Julia Sanders created this wonderland on an unused part of her parents’ farm, after her application for eco-lodges was turned down by the local council. A small gathering of Sioux Indian tipis and yurts now inhabit the enchanting little 11-acre forest and private grassland valley with views across the Malvern Hills.
The two yurts and three tipis are scattered around an ancient woodland that has been undisturbed for years, bar the mystical creatures and fairies that are said to inhabit the bluebells at the bases of the trees. Ready-made tracks – originally built for the previous owner’s huskies’ sledging practice – loop the forest floor. They’re perfect for racing through the woods and collecting bow-and-arrow sticks and makeshift fishing rods with which to catch dinner, in the pond at the bottom of the valley. Each tent is cosily laid out with sheepskin rugs, raised mattresses and plenty of additional blankets for those extra chilly nights. Most importantly, there’s also a wood-burning stove and a kettle in each one for that first cuppa in the morning.
Outside there’s a campfire, log-style tables and chairs and your own personal hammock. The tipis are all slightly different and each seems to have its own distinct personality. For the best view, go for Valley tipi, the name alluding to the panorama that awaits. The facilities are first-rate and thoughtfully put together. First, and most importantly, the showers are better than home. The fully stocked kitchen has everything you could possibly want and a separate fridge is assigned to each tipi.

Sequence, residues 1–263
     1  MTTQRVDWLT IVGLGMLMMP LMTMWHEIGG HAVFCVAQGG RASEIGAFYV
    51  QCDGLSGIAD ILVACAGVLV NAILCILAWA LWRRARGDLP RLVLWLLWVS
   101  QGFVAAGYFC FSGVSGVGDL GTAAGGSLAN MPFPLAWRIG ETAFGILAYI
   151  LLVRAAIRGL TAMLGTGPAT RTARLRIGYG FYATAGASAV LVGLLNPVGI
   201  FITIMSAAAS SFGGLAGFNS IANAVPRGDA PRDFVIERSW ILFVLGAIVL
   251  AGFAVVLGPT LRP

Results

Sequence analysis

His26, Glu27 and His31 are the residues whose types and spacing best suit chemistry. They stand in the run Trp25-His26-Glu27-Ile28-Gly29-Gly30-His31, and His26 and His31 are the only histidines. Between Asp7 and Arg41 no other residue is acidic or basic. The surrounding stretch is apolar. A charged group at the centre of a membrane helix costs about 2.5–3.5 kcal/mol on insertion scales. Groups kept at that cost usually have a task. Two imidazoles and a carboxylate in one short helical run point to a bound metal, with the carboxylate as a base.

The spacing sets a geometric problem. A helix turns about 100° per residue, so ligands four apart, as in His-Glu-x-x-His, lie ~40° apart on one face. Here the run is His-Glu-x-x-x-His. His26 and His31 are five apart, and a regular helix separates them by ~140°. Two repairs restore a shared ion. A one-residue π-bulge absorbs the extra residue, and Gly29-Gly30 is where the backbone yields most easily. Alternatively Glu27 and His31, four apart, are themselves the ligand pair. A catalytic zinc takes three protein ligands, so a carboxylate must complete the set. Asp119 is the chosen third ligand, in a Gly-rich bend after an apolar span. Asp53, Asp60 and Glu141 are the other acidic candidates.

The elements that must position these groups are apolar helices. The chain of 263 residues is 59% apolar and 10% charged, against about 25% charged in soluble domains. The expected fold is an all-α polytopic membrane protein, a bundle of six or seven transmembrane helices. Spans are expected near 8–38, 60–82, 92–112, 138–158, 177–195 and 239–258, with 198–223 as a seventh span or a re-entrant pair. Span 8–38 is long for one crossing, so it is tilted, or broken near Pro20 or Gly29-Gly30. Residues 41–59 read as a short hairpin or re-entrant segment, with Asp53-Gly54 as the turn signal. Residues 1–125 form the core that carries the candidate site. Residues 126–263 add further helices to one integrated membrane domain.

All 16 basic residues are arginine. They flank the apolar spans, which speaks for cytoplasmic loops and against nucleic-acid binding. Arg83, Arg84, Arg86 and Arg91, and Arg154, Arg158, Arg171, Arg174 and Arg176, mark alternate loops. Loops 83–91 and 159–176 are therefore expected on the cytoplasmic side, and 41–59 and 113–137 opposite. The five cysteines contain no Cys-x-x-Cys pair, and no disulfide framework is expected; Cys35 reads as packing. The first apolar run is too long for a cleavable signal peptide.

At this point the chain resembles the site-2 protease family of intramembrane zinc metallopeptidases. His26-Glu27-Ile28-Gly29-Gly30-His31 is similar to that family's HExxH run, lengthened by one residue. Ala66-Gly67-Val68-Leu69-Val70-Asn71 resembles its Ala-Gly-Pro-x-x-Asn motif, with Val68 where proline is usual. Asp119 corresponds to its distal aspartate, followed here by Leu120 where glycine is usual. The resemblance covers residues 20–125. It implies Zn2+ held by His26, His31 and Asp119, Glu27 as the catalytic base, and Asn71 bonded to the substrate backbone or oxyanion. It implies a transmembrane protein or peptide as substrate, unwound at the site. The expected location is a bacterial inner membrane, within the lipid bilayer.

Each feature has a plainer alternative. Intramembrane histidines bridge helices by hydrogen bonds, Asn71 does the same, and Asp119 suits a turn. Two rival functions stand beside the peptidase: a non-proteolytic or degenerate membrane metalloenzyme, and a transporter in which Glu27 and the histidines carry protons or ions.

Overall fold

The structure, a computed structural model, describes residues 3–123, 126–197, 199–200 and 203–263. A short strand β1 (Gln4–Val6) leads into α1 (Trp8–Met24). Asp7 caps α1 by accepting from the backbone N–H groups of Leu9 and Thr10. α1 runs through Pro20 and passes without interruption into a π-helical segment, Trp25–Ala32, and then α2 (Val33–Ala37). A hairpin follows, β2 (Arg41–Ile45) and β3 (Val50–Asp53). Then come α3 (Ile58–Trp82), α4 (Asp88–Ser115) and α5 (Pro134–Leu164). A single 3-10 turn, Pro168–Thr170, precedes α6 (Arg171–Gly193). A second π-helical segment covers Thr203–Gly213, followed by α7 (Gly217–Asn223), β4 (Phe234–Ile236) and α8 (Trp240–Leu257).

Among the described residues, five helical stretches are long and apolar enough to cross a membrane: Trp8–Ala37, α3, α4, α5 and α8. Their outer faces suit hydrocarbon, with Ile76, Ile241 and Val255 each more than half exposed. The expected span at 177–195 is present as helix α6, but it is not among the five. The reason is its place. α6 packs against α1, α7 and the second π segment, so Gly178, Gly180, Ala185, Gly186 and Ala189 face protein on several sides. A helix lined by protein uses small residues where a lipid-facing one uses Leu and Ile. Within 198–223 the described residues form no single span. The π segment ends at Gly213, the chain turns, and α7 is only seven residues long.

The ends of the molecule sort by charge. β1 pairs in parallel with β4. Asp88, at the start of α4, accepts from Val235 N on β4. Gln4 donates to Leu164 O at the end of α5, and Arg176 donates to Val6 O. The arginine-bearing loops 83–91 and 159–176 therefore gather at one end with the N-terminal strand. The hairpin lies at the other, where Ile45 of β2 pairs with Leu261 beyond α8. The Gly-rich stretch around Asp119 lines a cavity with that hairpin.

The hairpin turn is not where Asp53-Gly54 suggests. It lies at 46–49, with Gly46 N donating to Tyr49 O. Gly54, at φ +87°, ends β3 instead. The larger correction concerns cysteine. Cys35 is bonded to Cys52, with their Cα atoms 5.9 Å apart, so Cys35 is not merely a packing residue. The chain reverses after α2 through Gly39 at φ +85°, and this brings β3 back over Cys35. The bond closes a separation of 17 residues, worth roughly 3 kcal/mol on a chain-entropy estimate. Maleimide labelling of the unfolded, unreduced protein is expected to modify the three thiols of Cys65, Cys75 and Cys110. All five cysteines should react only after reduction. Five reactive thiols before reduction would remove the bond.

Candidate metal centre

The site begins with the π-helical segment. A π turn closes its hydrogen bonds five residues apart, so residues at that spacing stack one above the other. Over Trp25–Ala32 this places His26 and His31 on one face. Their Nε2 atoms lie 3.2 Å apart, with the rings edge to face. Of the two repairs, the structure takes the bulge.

There are fresh flowers in an eclectic collection of vases scattered charmingly all over the site; lanterns and candles add to the already tranquil ambience. Swinging ropes and ladders make this a kids’ paradise whilst the grown-ups have their own covered communal area with furniture made from old school desks and benches. On arrival there’s a welcome note chalked onto a board with the name of your tent and a handy wheelbarrow to lug your stuff down to the car-free campsite. Then follows a quick lesson on how to make a fire in the middle of the tipi, without asphyxiating everyone.
Now, who wants to head for the hills? With easy access to the Forest of Dean and the Malvern Hills, walkers are spoilt for choice. But there’s also kayaking on the many meandering Wye Valley waterways or swinging from high wires in tree-top canopies at Go Ape. The quaint market towns of Ross-on-Wye and the more literary Hay-on-Wye are also worth exploring before heading back to begin the task of fire making and pizza burning.
As the kids run around playing cowboys and Indians in the woods, this magical place may well bring out your inner child. It’s a real woodland adventure, scented by the heady aroma of campfires – and scrummy home-made pizzas slowly cooking in the communal oven.